An Introduction to Philosophy

Philosophy/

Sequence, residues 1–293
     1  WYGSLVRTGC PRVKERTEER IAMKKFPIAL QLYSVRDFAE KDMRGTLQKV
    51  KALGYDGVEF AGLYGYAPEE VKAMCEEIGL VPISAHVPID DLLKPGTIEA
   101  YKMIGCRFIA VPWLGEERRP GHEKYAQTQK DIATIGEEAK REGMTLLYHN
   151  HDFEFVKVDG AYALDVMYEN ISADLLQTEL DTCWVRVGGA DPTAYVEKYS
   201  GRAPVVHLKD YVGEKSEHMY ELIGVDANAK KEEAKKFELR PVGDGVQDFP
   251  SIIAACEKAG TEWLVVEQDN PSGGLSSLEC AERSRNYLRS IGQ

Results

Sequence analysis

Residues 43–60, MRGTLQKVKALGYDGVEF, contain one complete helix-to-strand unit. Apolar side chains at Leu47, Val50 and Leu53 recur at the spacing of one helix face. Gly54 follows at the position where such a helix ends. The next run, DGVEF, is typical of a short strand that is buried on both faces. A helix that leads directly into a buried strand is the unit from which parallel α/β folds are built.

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Excerpt I. INTRODUCTORY CHAPTER I THE MEANING OF THE WORD "PHILOSOPHY" IN THE PAST AND IN THE PRESENT I must warn the reader at the outset that the title of this chapter seems to promise a great deal more than he will find carried out in the chapter itself. To tell all that philosophy has meant in the past, and all that it means to various classes of men in the present, would be a task of no small magnitude, and one quite beyond the scope of such a volume as this. But it is not impossible to give within small compass a brief indication, at least, of what the word once signified, to show how its signification has undergone changes, and to point out to what sort of a discipline or group of disciplines educated men are apt to apply the word, notwithstanding their differences of opinion as to the truth or falsity of this or that particular doctrine. Why certain subjects of investigation have come to be grouped together and to be regarded as falling within the province of the philosopher, rather than certain other subjects, will, I hope, be made clear in the body of the work. Only an indication can be given in this chapter. 1. THE BEGINNINGS OF PHILOSOPHY.—The Greek historian Herodotus (484-424 B.C.) appears to have been the first to use the verb "to philosophize." He makes Croesus tell Solon how he has heard that he "from a desire of knowledge has, philosophizing, journeyed through many lands." The word "philosophizing" seems to indicate that Solon pursued knowledge for its own sake, and was what we call an investigator. As for the word "philosopher" (etymologically, a lover of wisdom), a certain somewhat unreliable tradition traces it back to Pythagoras (about 582-500 B.C.). As told by Cicero, the story is that, in a conversation with Leon, the ruler of Phlius, in the Peloponnesus, he described himself as a philosopher, and said that his business was an investigation into the nature of things. At any rate, both the words "philosopher" and "philosophy" are freely used in the writings of the disciples of Socrates (470-399 B.C.), and it is possible that he was the first to make use of them. The seeming modesty of the title philosopher—for etymologically it is a modest one, though it has managed to gather a very different signification with the lapse of time—the modesty of the title would naturally appeal to a man who claimed so much ignorance, as Socrates; and Plato represents him as distinguishing between the lover of wisdom and the wise, on the ground that God alone may be called wise. From that date to this the word "philosopher" has remained with us, and it has meant many things to many men. But for centuries the philosopher has not been simply the investigator, nor has he been simply the lover of wisdom. An investigation into the origin of words, however interesting in itself, can tell us little of the uses to which words are put after they have come into being. If we turn from etymology to history, and review the labors of the men whom the world has agreed to call philosophers, we are struck by the fact that those who head the list chronologically appear to have been occupied with crude physical speculations, with attempts to guess what the world is made out of, rather than with that somewhat vague something that we call philosophy to-day....
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